After a friend started a GoFundMe campaign in his honor — and without his knowledge — Seattle musician Shawn Smith says thank you, but his problems are his own.

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Shawn Smith is OK.

He’s not depressed and he’s not homeless, as suggested by a recent GoFundMe campaign started by his friend, Xana La Fuente, a longtime Seattle music supporter and blogger.

On the campaign page, which was taken down a few days ago, La Fuente wrote about sitting with the musician the other week as he talked about his troubles.

Yes, he had found success years ago with the bands Brad (featuring Pearl Jam’s Stone Gossard), Satchel and Pigeonhed; and has 18 credits on IMDB for his soundtrack work, including “The Sopranos.” He still performs around town, including a benefit concert at Benaroya Hall last fall.

But Smith is also living at a friend’s house for $200 a month. He needs clothes and a computer. There have been times when he didn’t have enough money to eat.

It was a surprise to La Fuente.

But it was a bigger surprise to Smith to have his troubles treated the same as people with cancer, or those trying to fund films and launch inventions. He was just talking to a dear friend with a big heart, and overnight his confidences were out there for all to see.

“I woke up the next day and it was just … there,” Smith told me the other night as we sat at the bar at The Royal Room, where he fronted a band featuring famed percussionist Michael Shrieve of Santana.

And while Smith is grateful for the $12,000 the campaign raised from 242 people in just three days, it came at a strange kind of price for him.

For starters, he’s embarrassed. The Stranger described him as being in a “distressed mental state.” He has always struggled with receiving love, and help.

At the same time, he’s grateful for the money and support people have given. The experience has forced him to think about his choices, what to do with his talent and his passion for music. The money will buy him the time to sort that out.

“I need to cross over into a new stage of my life,” he said.

I sat there with him, thinking of the first time I heard the Brad song “The Day Brings,” and wondered why Smith wasn’t a huge star. Just watch him sing the Mother Love Bone song “Chloe Dancer/Crown of Thorns” and tell me he doesn’t have the goods.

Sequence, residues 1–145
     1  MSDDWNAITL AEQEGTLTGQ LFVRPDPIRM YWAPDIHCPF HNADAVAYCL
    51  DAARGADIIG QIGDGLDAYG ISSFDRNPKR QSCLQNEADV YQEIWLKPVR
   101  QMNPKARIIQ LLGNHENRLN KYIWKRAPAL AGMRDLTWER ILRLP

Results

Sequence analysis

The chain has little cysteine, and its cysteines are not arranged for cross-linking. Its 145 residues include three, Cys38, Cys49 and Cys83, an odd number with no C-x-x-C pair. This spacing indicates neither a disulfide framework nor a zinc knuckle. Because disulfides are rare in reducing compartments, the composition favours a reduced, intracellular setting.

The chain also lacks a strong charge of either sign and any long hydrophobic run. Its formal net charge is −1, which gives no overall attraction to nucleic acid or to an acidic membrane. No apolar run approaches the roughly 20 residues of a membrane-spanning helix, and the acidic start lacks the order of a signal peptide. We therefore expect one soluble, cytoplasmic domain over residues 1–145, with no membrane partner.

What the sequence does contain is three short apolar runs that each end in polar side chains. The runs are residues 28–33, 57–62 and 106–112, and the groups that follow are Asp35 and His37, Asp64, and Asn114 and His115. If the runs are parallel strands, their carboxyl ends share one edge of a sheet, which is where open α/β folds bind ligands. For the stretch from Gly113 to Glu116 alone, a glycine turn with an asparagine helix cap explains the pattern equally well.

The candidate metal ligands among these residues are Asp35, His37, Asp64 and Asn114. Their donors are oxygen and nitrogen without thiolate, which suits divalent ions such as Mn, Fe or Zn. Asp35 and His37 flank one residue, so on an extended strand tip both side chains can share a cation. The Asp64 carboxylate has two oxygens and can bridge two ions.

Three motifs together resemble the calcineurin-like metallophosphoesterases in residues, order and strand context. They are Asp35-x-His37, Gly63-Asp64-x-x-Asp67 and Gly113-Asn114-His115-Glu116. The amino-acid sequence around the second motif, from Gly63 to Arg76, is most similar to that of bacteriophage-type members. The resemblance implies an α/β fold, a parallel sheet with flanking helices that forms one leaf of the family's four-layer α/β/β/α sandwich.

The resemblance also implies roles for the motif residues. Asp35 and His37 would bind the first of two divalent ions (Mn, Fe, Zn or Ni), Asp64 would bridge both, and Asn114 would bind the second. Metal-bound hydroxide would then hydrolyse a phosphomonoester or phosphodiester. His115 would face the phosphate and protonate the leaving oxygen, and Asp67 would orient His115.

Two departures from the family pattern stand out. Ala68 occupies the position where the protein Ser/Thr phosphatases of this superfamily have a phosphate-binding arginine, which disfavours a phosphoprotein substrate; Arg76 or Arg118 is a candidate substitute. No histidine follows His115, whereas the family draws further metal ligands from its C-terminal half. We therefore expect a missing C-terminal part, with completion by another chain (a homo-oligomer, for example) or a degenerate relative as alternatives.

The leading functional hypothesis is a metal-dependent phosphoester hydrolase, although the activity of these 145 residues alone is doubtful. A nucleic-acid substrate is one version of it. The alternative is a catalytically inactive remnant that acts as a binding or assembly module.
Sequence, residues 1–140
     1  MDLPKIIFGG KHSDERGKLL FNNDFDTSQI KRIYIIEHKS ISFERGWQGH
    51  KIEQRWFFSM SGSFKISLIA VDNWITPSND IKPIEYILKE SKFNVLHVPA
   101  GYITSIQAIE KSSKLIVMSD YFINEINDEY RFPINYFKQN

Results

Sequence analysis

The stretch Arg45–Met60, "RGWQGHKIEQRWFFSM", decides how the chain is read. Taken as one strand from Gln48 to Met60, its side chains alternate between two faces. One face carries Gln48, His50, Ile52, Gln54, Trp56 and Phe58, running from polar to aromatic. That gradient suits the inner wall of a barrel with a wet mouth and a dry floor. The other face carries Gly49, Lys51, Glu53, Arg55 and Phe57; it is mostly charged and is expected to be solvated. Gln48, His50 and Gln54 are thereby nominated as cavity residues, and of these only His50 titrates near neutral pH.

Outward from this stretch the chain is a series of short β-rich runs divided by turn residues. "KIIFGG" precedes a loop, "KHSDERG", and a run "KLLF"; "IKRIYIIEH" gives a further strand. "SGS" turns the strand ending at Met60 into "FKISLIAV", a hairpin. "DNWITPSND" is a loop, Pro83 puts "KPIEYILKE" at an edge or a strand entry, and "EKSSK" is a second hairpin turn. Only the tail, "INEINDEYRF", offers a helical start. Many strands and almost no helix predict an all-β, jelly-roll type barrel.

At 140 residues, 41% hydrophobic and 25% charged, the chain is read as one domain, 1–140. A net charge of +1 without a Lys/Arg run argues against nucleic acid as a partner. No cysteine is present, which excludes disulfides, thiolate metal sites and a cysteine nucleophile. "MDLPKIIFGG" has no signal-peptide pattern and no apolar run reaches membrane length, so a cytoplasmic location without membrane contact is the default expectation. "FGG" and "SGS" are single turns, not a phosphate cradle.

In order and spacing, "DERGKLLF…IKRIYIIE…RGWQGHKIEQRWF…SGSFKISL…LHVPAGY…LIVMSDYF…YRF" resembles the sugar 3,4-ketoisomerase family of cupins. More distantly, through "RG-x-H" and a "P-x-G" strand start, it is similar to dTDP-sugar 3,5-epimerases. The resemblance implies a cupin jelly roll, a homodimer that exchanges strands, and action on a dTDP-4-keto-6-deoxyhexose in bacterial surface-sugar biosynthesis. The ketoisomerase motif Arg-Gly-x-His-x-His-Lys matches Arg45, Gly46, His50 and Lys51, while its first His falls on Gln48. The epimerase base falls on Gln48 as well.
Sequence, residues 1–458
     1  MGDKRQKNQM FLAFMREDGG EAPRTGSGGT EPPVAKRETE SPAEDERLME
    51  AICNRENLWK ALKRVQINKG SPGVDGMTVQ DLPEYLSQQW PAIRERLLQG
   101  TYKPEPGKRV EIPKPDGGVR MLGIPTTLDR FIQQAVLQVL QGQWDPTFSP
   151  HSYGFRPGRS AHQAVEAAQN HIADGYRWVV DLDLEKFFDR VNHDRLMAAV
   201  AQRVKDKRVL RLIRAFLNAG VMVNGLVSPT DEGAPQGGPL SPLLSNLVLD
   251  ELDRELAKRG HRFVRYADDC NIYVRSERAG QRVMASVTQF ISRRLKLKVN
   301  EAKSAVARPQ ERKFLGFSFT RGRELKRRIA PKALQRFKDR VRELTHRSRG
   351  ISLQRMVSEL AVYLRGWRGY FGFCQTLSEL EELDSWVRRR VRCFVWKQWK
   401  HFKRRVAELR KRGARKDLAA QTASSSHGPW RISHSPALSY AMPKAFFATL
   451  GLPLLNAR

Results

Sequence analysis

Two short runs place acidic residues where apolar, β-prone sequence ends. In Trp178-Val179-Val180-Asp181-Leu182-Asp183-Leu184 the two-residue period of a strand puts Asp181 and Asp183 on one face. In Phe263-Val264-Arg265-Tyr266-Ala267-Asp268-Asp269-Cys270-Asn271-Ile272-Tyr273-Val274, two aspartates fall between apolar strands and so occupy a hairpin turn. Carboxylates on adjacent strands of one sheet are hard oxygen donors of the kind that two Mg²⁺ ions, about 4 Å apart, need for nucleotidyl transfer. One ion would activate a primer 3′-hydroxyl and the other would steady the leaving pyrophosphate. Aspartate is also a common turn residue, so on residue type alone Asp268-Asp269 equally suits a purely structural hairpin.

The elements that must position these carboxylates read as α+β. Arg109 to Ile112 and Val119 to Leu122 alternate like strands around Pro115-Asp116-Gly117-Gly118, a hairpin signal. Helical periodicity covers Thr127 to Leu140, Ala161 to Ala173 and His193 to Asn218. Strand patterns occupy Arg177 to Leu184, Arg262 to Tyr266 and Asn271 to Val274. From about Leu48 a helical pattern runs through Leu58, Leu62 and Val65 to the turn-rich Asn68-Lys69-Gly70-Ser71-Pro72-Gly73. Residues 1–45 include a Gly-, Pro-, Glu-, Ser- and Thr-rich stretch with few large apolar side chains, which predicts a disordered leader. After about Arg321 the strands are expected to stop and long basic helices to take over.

I wondered aloud to Smith if he is an example of a changing Seattle, and whether the city does right by the artists who made the place what it is. People who write and play music used to hold sway in this town. Now it’s all about those who write code and play “Pokémon Go.”

Not in his case, Smith said. Whatever hard times he’s had were of his own doing. He didn’t have a business drive, he said. Didn’t know how to schmooze the radio and label folks. He gave too much away.

“I don’t deserve any more than anyone else,” he said. “I just was never focused on making money. It was always about making the best songs I could make. That was my goal, to be a songwriter.”

He tried to say as much in a Facebook post he wrote last Friday. It took him 15 drafts, two days and the help of his son.

“The story painted me as a victim, which I am not,” he wrote. “Although Lord knows I act like one sometimes.”

At 50, he said, he doesn’t know “where to begin” to start a new job or career. He’s never done well in regular jobs, and has only worked as a convenience-store clerk, at Pizza Hut, flipping burgers and working the door at clubs.

“I want to do my real job, writing songs, performing them, placing them in movies and TV, but it’s been very difficult these last few years,” he wrote. “Although, due to this campaign, I have new insights.”

He offered refunds to those who wanted them.

But no one does.

“You’ve given so much of yourself over the years,” one person replied. “We wanted to give a little back.”

Smith is working on a new Brad album, he told me, and is 10 songs into it.

“I’ll send it to you,” Smith said.

Please don’t, I told him. I’ll pay.